Category: Recovery

The IFS Model With Eating Disorders: ED is Just a Part of You

Footsteps in Sand of Eating Disorder Recovery Journey Contributor: Brittney Williams, LPC/MHSP at Fairhaven Treatment Center What is a “Part” in the IFS Model The Internal Family Systems Model (IFS Model) focuses on the dynamics of the internal systems of humans. This model considers the nature of the human mind is to be divided into sub-personalities known as “parts.” “Parts” may be described/experienced [...]
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Anorexia Nervosa Treatment – Unique Nutritional Needs

Man drinking sugar-sweetened beverages Anorexia Nervosa is one of the most prolific eating disorder diagnoses, characterized by restriction of food intake, overwhelming fear of gaining weight, and having a distorted view one oneself. Individuals with this disorder have unique nutritional needs that must be considered in their treatment. A starved body results in a starved brain that can impact [...]
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It is Possible That I Have an Eating Disorder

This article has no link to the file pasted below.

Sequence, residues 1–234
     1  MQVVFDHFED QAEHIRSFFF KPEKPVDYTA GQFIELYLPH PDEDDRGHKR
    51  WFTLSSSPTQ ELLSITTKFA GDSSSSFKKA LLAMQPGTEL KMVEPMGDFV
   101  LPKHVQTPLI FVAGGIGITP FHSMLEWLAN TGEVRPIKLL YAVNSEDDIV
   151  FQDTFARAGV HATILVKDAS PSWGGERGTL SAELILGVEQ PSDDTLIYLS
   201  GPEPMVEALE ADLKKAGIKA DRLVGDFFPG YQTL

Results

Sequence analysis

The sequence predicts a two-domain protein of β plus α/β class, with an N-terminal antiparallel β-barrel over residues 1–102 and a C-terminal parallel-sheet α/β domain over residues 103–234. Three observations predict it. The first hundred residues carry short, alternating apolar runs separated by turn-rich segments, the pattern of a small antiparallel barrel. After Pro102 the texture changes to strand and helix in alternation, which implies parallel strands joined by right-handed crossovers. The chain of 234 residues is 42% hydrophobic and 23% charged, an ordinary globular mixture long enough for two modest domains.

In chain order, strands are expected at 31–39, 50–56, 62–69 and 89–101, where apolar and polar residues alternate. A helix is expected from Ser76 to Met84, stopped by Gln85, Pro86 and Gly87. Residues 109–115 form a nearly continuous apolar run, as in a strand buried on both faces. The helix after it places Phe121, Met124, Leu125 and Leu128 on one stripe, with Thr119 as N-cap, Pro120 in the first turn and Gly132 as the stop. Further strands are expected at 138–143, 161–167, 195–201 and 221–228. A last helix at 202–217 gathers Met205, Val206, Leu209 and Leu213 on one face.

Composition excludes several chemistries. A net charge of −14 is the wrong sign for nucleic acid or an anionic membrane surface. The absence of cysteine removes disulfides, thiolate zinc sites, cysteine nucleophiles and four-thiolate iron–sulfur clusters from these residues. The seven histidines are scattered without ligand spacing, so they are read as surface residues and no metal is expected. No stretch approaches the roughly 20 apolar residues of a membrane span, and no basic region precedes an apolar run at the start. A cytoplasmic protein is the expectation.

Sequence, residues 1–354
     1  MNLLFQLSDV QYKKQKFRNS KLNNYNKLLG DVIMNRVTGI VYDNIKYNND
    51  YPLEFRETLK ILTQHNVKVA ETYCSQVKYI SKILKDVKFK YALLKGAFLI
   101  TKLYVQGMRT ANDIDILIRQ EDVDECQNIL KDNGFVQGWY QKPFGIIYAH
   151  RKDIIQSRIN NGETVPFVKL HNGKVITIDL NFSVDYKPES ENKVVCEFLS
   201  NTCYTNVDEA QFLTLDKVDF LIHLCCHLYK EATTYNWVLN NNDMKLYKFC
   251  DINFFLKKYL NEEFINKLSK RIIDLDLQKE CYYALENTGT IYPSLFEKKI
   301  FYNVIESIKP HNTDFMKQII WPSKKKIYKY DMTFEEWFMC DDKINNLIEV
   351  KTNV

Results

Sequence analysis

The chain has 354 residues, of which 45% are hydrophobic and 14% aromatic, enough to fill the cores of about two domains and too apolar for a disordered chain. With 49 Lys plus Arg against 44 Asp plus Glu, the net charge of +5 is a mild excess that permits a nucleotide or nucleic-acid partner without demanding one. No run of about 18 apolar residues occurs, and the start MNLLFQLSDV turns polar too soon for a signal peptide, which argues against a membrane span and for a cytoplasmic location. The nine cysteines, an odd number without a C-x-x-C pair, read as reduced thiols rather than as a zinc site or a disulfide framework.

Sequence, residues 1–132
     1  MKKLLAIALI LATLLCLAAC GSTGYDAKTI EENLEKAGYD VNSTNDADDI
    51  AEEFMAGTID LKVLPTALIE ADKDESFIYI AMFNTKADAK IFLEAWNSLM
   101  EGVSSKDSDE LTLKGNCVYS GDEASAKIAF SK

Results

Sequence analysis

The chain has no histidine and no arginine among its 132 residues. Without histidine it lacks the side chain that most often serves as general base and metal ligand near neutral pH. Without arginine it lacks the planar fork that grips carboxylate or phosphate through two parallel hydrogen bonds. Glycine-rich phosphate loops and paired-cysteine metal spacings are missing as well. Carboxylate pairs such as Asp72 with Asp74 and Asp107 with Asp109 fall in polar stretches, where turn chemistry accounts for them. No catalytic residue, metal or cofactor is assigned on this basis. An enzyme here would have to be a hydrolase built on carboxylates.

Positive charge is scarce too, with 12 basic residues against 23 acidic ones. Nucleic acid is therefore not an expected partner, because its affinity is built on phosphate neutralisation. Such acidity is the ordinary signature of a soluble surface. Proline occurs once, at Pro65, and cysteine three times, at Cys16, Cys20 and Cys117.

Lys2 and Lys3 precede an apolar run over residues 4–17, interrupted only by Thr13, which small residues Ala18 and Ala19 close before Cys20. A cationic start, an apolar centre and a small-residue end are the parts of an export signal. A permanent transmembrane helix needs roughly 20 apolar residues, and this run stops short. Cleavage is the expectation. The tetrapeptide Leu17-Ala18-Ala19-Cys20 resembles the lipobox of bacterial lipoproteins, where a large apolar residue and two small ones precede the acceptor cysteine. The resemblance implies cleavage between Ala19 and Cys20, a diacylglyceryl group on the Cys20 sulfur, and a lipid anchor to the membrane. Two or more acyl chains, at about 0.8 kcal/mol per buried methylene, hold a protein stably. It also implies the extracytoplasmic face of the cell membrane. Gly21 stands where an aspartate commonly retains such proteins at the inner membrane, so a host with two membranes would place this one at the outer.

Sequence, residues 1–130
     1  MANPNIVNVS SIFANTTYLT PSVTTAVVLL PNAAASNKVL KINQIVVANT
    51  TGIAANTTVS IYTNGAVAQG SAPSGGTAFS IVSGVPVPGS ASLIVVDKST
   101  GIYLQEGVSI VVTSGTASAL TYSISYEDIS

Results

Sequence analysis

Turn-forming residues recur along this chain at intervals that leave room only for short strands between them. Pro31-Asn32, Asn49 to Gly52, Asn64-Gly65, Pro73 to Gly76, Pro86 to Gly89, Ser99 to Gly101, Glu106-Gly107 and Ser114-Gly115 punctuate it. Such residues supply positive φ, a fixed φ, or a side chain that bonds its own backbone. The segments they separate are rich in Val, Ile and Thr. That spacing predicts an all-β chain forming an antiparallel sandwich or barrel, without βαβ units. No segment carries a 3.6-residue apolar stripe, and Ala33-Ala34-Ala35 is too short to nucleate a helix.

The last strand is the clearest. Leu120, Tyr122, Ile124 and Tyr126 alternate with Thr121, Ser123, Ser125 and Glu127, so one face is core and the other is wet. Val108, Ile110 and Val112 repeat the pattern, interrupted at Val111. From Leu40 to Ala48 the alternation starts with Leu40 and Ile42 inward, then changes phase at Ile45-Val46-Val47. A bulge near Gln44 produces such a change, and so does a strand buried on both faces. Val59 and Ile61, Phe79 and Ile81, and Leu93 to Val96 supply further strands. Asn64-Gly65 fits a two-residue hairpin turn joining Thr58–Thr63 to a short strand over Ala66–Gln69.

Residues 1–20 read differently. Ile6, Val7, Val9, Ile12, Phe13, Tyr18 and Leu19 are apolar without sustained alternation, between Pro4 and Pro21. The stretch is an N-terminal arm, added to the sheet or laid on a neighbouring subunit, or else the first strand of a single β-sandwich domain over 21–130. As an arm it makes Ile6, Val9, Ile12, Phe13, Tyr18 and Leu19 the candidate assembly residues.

Woman in the grass Recovering from an eating disorder is not an overnight process. You don’t just wake up one day, decide to get better, and magically recover at that moment. Rather, recovery is a unique journey that involves five different stages. The first stage, called the Pre-contemplation Stage, involves the individual denying they have an eating disorder and [...]
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I Do Not Have an Eating Disorder

Woman standing on shore Is your loved one displaying signs and symptoms of an eating disorder but refusing to admit they have a problem? Denial is a common part of early eating disorder (ED) recovery, and while this stage can be frustrating, there are numerous things you can do to help your loved ones recognize their illness and encourage [...]
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An Introduction to Family-Based Treatment for Anorexia Nervosa

India woman with her family Contributed By: Dr. Elizabeth Mariutto, PsyD, CEDS and Clinical Director of Eating Disorder Services of Lindner Center of HOPE Puberty is a risk factor for eating disorders, especially among girls (Klump, 2013) and anorexia nervosa has the highest mortality rate of any mental health diagnosis (Arcelus et al., 2011). As many parents start to see [...]
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